Doctor Who: 25 fascinating facts to celebrate 60 years

Out-of-this-universe facts about Dr Who to celebrate the BBC programme’s 60th anniversary.

The first episode of Doctor Who aired 60 years ago this month, on Saturday, 23 November 1963. The show initially ended in 1989, only to be triumphantly relaunched by Russell T Davies in 2005, since when it has garnered a whole new generation of fans.

Now Davies has returned as the showrunner, and on Saturday, BBC One is marking the 60th anniversary with three special episodes, featuring the return of David Tennant as the Doctor and companion Donna Noble (Catherine Tate), with Emmy-winning US star Neil Patrick Harris.

In honour of this milestone, we’ve got some fascinating facts from the show’s history. Whether you are an obsessive with a sonic screwdriver collection or a Whovian novice, set your coordinates for the planet Gallifrey and dive right in.

A line up of all the Dr Whos in the BBC programme's history in front of a blue backdropCredit: BBC

1. The first episode of Doctor Who was transmitted 80 seconds late, due to a bulletin about the previous day’s assassination of John F. Kennedy.

2. Described by The Times as “quintessential to being British”, the show was actually conceived by a Canadian. Sydney Newman, the BBC’s head of drama, created the character of the Doctor and his use of a time machine, which is bigger on the inside.

3. Newman didn’t have things all his own way. He strictly forbade the inclusion of ‘bug- eyed monsters’. To date, there have been more than 200 alien species featured in the show. Many of them with distinctly bug-eyes.

4. The programme was created to educate children about history and science, alternating between episodes set in the past, and those in the future or outer space. The Doctor’s original companions were science teacher Ian and history teacher Barbara, as well as his granddaughter Susan (Carole Ann Ford).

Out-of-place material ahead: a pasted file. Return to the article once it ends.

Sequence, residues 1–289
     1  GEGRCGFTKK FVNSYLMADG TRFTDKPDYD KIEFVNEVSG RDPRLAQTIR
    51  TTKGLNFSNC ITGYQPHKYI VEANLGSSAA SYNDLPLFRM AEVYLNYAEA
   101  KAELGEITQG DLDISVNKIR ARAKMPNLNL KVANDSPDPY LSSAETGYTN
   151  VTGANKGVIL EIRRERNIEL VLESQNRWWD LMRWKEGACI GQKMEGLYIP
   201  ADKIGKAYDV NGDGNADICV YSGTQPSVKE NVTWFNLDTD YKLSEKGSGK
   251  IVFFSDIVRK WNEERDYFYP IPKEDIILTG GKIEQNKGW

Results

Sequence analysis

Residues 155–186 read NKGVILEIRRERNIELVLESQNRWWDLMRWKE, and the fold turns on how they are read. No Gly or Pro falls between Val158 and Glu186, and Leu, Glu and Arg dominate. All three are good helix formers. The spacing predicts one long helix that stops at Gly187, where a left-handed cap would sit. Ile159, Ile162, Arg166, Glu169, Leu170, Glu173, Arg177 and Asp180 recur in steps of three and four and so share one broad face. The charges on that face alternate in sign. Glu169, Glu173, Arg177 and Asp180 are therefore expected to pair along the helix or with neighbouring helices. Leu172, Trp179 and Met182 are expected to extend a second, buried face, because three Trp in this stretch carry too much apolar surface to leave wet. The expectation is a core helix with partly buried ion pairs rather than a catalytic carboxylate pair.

5. The dastardly Daleks first appeared on 21 December 1963, in the show’s fifth episode. Writer Terry Nation intended them to be an allegory of the Nazis, with their xenophobia, eugenics and obsession with conformity. The Dalek arms even bore a similarity to a Nazi salute.


6. Doctor Who drew the ire of morality campaigner Mary Whitehouse, appalled at how frightening and violent the show was. Maybe she had a point – a 2011 poll by website Digital Spy saw the series voted ‘scariest of all time’.

7.  TARDIS stands for Time And Relative Dimension In Space. It resembles an old police box because its ‘chameleon circuit’ broke during a visit to London.

8. Ninety-seven of the show’s 871 episodes are not held in the BBC’s archives, as many were wiped between 1967 and 1978. In 2013, nine missing episodes were found in a television relay station in Nigeria.

9. The Doctor really is a doctor. Probably. In season four’s episode The Moonbase, Patrick Troughton’s companion asks whether he’s a medical doctor. His reply? “Yes, I think I was once…I think I took a degree once in Glasgow. 1888 I think.”

10. Fourth Doctor Tom Baker’s iconic overlong scarf was an accident. Begonia Pope, the costume maker tasked with knitting it, misunderstood her instructions and used all the wool she was given. Baker loved it, and insisted on wearing it for the show.